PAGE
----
Leaving a Godly Legacy

Author: Nancy DeMoss
legacy

A good workman knows that it takes time to build a home that will last for decades. He skillfully lays the groundwork and refuses to cut corners as he pieces together a solid frame. In the same way, we need to build a spiritual foundation in the next generation.

In Psalm 127, God’s Word gives us three word pictures that help us know how to build families that have a heart for God. We are to be workmen, watchmen, and warriors. The goal of all three of these roles is that we will leave a legacy of godliness to our children, our grandchildren and generations to come.
I once had the privilege of building a home. I knew nothing about building so I contracted a local builder. He came highly recommended, and he turned out to be a wonderful builder, a perfectionist who took everything seriously and saw with his experienced eyes things that I couldn’t see.

Some phases went by quickly, with progress almost hour-by-hour, and certainly day-by-day. More tedious parts of the process were much less exciting, but the builder knew that even these slow parts were important.

It was exciting to stand back at the end of the process, to look at this beautiful home that God had provided with the help of so many capable workmen, and say, “Mission accomplished!” Now that home is a place where I can live, and where others can be ministered to and blessed.

As we read Psalm 127, we realize that the “workman” in view is not simply building a physical house. He’s building a home, a heritage—a godly family line that will take the heart and ways and faith of God into the next generation. That kind of building is more demanding, exacting and, sometimes, exasperating than building a physical house.

There’s so much more at stake, and we can’t afford to not do well. We want to build lives, homes, churches, and a culture that will reflect God’s glory long after we are gone. We want to leave behind a model of godliness that people will choose to embrace in the next generation.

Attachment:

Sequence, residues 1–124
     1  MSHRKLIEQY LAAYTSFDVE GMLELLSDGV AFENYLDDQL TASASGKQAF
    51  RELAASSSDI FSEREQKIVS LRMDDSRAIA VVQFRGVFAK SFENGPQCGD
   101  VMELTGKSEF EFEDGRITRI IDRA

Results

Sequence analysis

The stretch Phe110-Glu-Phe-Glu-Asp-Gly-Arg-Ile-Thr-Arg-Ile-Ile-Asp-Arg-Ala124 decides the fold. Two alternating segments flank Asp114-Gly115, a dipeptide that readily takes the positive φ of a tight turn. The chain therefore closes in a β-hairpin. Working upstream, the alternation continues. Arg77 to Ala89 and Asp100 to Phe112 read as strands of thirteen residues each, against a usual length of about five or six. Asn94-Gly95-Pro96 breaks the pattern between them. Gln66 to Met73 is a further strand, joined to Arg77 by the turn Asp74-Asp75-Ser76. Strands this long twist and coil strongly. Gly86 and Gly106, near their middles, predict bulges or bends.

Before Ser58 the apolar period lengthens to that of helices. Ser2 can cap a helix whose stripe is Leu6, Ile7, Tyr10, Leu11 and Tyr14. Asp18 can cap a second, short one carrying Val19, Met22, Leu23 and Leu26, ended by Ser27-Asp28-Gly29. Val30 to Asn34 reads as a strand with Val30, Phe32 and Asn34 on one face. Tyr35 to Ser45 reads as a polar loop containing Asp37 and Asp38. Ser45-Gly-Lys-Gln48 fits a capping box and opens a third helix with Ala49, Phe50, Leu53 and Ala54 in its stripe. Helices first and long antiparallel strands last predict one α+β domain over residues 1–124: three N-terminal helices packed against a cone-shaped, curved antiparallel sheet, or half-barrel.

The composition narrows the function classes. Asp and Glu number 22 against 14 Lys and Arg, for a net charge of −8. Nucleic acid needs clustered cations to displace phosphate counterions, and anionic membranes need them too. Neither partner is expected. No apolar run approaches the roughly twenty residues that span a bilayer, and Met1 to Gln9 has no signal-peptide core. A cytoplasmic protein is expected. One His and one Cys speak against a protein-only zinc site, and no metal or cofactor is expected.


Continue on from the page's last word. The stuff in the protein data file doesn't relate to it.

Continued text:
Watchmen and Warriors

There’s another word picture used in this passage—that of a watchman. The Scripture says, “Unless the Lord guards the city, the watchman stays awake in vain” (127:1).

We have here a picture of a sentinel or guard, someone who’s been assigned and has accepted the responsibility of standing guard over a city. He can’t go to sleep on his shift; he’s got to stay alert and awake. He needs discernment to recognize when an enemy is coming.

We have been given the assignment of being protectors, looking out over the city that God has entrusted to us.

The third picture in this passage is of a warrior: “Like arrows in the hand of a warrior, so are the children of one’s youth” (127:4). The picture here is of a battlefield, and our sons and daughters are ammunition. They are arrows in battle, and God intends that we release and send them out into the culture.

Those arrows have to be prepared—carefully shaped and formed. They have to be shot in the right direction, toward the appropriate target. Our effectiveness as warriors, in many senses, determines the effectiveness of those arrows. If they’re not shaped correctly, or if they’re sent in the wrong direction, they’re not going to fulfill their purpose.

The psalmist tells us that there’s a house to be built, a city to be guarded, and a battle to be fought. If the workman cuts corners, if the watchman falls asleep or gets distracted while he’s on his shift, or if the warrior fails to show up for battle, we’re going to have problems. Lives can actually be endangered. These are strategic, vital roles.

When you think about your family, it’s not just a matter of “Will my kids make it?” or “Will we have a good family?” or “Will we have an intact home?” There’s a much bigger picture here.

Building His Kingdom

God is building His kingdom, and we are workmen with Him; we are watchmen with Him; we are warriors with Him. The purpose of God for our families, homes, and relationships is that, through our little part of building, we are contributing to a much larger building of the kingdom of God. It’s through this means that we leave a legacy of godliness for the next generation.

If you lose sight of that vision, you’re going to get weary in well-doing. Lift your eyes upward and say, “What’s the bigger picture here? What is God up to?”

Our children are a sacred stewardship from the Lord. One day we will give account to God for the spiritual condition of the next generation. That does not diminish their responsibility, but we, as adult believers, will one day stand before God and give account for how we built, watched over the city, and fought the battle on behalf of the next generation.

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< Nancy DeMoss.
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